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Your Assets and the Sharing Economy: The Ultimate Guide
The sharing economy has become common practice in recent years, with third-party services and apps popping up left and right to help those looking to make extra cash connect with those looking to rent. The range of things that can be brought into the sharing economy is never-ending. In fact, it’s not unusual to see consumers renting out their homes, bikes, cars, camping equipment, boats and other unique services to complete strangers online.
However, all this sharing comes with some unique challenges and risks that consumers don’t often consider before listing their items or services. Below, we break down what you need to know about the sharing economy, its pros and cons, and all the options you have available to start participating in this new consumer-to-consumer business model.
What is the sharing economy?
The sharing economy is the term used to describe online platforms that connect consumers to each other, in order to sell or rent things to one another. What can be sold on these platforms varies widely. Physical items—such as homes, bicycles and cars—are the most common. However, services such as tutoring, personal training and cooking classes are often traded or purchased as well.
This complicated business model contains a wide range of different companies, many that serve as a third party host for consumers to connect, while others own rent out to consumers themselves. But luckily for consumers—and thanks to many user-friendly online platforms—getting involved in the sharing economy isn’t nearly as difficult as it seems.
Pros and cons of the sharing economy
Before jumping into the sharing economy, it’s important to consider the pros and cons of this extra revenue stream. While many people typically only see the benefits of renting out their spare items for cash, they fail to understand the amount of upkeep required or the wear and tear that can happen to these rented items over time.
Pros of the sharing economy include extra income opportunities, flexible schedule, ability to travel, and a positive environmental impact from redistributing the same product to others. The environmental impact may not be as obvious when renting out a home, for example, but is easily understood in car, equipment or tech rentals. The ability to choose a used option keeps people from making larger purchases on things they may only use once or twice.
However, as the sharing economy is a relatively new venture, there are little to no governmental regulations in place to help protect those involved. Although some services offer protection for users, some consumers will be required to obtain their own coverage to protect themselves and their items in case of lawsuit or damage. Those who can’t afford it simply go without, which can be a substantial risk. There are also safety issues that come into play, as many participants’ backgrounds aren’t properly vetted. In addition to these larger issues, the inconsistent income and eventual depreciation of used items are important cons to consider as well.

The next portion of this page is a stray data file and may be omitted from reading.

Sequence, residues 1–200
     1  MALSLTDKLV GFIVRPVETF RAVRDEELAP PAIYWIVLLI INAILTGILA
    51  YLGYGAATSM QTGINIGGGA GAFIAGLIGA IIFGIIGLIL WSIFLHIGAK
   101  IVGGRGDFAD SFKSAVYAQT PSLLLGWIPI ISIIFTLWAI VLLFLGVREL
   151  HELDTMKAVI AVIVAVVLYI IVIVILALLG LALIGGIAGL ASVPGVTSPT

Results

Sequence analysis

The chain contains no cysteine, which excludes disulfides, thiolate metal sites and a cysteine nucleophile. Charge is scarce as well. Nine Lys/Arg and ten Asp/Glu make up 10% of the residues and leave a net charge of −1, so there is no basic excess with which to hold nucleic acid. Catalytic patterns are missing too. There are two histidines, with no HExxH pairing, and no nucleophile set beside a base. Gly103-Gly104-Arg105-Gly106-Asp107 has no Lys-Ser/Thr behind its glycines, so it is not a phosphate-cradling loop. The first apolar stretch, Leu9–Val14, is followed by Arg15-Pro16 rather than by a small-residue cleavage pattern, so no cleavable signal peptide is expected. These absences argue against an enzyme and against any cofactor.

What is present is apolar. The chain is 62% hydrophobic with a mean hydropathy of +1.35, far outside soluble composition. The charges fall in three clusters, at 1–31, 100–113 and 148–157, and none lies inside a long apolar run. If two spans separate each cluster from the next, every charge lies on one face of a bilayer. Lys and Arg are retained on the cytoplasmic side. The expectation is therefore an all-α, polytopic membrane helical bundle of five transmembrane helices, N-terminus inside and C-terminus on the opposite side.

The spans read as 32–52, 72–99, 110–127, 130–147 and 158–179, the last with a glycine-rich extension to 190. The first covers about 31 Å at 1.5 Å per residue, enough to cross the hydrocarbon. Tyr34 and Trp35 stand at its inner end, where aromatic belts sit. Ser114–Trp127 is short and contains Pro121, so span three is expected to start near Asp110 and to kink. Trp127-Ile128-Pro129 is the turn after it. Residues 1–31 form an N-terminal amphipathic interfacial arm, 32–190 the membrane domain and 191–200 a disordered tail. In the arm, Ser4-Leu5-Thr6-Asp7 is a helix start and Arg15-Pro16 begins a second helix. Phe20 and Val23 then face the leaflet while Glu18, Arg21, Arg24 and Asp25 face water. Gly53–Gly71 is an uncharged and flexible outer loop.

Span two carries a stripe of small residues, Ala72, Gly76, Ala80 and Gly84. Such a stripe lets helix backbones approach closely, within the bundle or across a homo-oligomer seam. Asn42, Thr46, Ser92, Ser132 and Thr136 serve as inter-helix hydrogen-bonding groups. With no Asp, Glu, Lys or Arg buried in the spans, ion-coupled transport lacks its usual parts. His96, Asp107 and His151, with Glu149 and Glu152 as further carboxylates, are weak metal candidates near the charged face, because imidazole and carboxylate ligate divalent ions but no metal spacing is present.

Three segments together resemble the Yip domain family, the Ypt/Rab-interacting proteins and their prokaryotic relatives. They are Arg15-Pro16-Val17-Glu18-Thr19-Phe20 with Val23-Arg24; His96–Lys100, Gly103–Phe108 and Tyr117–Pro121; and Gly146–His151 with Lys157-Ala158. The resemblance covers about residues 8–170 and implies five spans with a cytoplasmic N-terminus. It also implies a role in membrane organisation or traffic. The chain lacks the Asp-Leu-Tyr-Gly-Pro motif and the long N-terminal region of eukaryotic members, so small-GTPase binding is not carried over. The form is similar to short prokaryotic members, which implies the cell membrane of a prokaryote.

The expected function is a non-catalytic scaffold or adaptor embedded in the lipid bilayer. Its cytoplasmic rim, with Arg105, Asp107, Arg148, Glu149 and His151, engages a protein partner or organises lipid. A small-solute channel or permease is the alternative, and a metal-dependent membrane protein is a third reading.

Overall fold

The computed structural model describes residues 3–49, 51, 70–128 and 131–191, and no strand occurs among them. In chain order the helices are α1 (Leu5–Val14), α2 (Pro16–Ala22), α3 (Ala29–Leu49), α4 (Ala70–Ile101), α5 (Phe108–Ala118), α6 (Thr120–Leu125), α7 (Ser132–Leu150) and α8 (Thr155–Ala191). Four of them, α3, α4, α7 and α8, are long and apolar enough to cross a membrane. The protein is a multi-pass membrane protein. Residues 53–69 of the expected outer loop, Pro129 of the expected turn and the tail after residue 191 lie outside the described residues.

How to participate in the sharing economy
There are a variety of ways you can participate in this type of peer-to-peer economy, both as a landlord or a renter. Take stock of your inventory and what you frequently use, and consider lending out an old bike or rarely used equipment in your storage shed to make some extra money. Feel free to get creative — you may think that no one is interested in your older goods, but with a little bit of research, there is sure to be a market (or even an entire app) dedicated to those types of items.
One of the biggest categories in this space is home rentals. When considering renting out (or trying to rent) within this category, it’s important to understand that there are a lot of options. Homes, apartments, condos, individual rooms, couches and timeshares all qualify as a home rental, meaning that people can continue to live in their home, but with the opportunity to rent out a portion to make extra money.
Home rentals have skyrocketed in popularity over recent years as they provide a more personal alternative to hotels during vacations or business trips. They are often less expensive and provide more space as well. In addition to a cozier vibe, they are often scattered across the city, allowing renters the opportunity to pick exactly what part of town they want to stay in (and live like a local while they are at it).
Before we dive into the potential risks and fees you may face when signing up for these services, the benefits are worth discussing. Listing your home (or even your couch) online can provide an extra income which can help with mortgage payments. The price of your home will also fluctuate on most apps depending on the season and nearby events, meaning you have the opportunity to take advantage of peak pricing.
You also have the ability to control when and how long people can stay, providing you more flexibility than a long-term landlord. This way, if you want to have the house to yourself for one weekend or you have guests coming in who want to stay, you can easily adjust your property’s availability to fit your needs.